“Misses” can make mistakes too

Megha Radhakrishnan

We are in the middle of a time when performance expectations is at a particularly high peak. Test scores and grades drive most of the learning in the classroom; ; mastery and regurgitation of content are deemed as significant academic successes; tutors are hired for children in primary school, to help them get “ready” for admission into college; even preschools have an 18-month waiting list. Somehow, the end, and not the means, has become the sole focus of our attention.

In an environment that is academically intense and ‘achievement-oriented,’ perhaps one thing that we’re not focusing on enough is teaching our students how to make mistakes. There’s no doubting that academic success is important; so is the rigor that paves the path to success. But, just as we need our students to learn how to achieve, we also need them to learn how to make mistakes. What better way to ‘teach’ them that, than model it ourselves?

My co-teacher and I, often and very deliberately, set ourselves up to make an obvious blunder in the classroom. This could be something as simple as making a grammatical error while speaking, fumbling to find the right word to use in a sentence, having to repeat what we said because we did a terrible job the first time, or even making a mistake while working something out on the blackboard/whiteboard in front of our students. At the outset, this adds an element of humour to the classroom – because, of course, we all love to see a teacher mess up at something in class, don’t we? What follows, though, is a conscious acknowledgement of the mistake; we don’t attempt to shrug it off or nervously laugh it away. Instead, we do a ‘Think-Aloud’ in front of our students, where we reflect with each other on what we did wrong, and how we could do better – but out loud, to share that thinking process with our students. Some of the questions we ask ourselves in this process range from “What went wrong?” “Where did we get stuck?” “Why did we make this mistake?” to “What could we do better next time?”, “What did we learn from this?” and “How can we get better at this?”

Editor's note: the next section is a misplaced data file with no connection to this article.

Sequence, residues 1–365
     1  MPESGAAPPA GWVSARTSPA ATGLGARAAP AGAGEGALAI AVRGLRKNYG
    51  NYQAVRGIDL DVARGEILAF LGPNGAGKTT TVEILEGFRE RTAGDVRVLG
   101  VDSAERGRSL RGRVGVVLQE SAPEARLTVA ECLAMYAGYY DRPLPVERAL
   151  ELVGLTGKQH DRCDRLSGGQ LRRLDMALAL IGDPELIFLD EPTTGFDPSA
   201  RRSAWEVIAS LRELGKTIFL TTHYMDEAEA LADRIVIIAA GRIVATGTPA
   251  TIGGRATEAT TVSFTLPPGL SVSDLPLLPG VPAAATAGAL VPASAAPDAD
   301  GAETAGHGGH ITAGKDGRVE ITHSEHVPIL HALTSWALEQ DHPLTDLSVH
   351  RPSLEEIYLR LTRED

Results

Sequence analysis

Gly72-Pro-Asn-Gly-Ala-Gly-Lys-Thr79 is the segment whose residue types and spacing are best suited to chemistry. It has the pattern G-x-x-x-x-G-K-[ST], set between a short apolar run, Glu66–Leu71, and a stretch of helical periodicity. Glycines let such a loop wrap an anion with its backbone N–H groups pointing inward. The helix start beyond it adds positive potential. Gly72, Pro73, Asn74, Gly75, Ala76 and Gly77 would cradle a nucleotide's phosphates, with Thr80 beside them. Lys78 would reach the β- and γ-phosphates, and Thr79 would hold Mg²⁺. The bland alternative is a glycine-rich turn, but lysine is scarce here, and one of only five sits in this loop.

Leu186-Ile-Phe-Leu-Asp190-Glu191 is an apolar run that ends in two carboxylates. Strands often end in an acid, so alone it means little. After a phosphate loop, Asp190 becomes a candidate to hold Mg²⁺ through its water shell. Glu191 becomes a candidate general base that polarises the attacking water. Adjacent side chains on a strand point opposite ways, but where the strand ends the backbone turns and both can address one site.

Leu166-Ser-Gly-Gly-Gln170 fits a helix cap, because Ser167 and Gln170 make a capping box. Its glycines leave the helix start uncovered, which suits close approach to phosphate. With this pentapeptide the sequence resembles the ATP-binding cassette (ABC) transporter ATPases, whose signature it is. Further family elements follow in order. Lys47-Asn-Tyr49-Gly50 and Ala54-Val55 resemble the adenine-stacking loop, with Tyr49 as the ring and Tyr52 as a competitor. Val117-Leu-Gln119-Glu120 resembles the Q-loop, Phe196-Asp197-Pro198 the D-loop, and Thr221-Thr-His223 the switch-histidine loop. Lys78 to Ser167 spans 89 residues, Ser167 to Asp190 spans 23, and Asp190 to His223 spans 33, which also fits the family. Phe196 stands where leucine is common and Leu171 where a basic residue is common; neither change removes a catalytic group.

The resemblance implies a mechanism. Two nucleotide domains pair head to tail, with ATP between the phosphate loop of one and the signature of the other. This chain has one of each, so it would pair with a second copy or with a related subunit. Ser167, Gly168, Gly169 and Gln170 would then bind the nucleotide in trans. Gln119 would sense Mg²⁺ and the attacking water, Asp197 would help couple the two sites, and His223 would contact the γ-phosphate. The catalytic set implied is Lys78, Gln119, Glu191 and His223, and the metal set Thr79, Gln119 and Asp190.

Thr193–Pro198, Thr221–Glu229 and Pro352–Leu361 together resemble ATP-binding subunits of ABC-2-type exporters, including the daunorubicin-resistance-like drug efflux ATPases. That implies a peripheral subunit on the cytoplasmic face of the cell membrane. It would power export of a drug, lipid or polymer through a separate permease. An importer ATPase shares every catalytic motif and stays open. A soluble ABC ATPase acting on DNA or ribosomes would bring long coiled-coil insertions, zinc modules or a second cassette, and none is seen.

Such ‘mistake-making’ shows our students that, even with focused intentions and full effort, you may not always get everything right. Even when you think you’ve got something down pat, you may trip and fumble; and that is okay. It shifts the perspective on mistakes – from being embarrassing and needing to be covered up to being a source for learning, and a powerful source at that. You can be “told” a number of times how to work something out or overcome a challenge; figuring out how to do this, especially after getting stuck yourself, builds understanding that is more authentic, meaningful, and therefore likely to stay with you.

Making mistakes, and equally important, reflecting on mistakes made, embeds academic learning with a layer of metacognitive skills. It builds the skill of thinking about how to learn and how to overcome an academic challenge. This is vital, because realistically, in life, things don’t always go the way we plan them. We don’t always succeed in our first attempt at everything. Knowing how to learn from our mistakes and move on is pretty much a survival skill in the 21st century. I would contend that a lack in this skill is a significant reason students grapple with low motivation and lower levels of self-confidence; if they don’t believe that making mistakes is real and acceptable, and, if they haven’t learned how to embrace failure and move forward, they run the risk of letting mistakes overwhelm them, even define them. They also run the risk of gradually shying away from tasks that are more challenging, lest they “fail” again. Therefore, it becomes even more important, for us as teachers, to work on fostering this life skill; perhaps most effectively by modeling it ourselves, in our classrooms.

When teachers make mistakes, students learn that it is okay to take risks, to try new things, even if it means things don’t work out perfectly right away. They learn that making mistakes is not something to be ashamed or embarrassed about; neither is it a sign of incompetence, or a lack in ability. All it is, really, is a natural part of the learning process-one that should be embraced and taken as an opportunity to learn more. As teachers, the onus really lies on us, to lead by example and show our students that it is okay to make mistakes – not the same ones, but new ones – and learn from them. In the rat race for ranking, achievement and perfection, let’s not forget a life skill our students need – to fall and learn how to get up.

The author is an educator, and currently works as an EAL (English as an Additional Language) teacher at an international school in Chennai. She can be reached at megharadhakrishnan@gmail.com.

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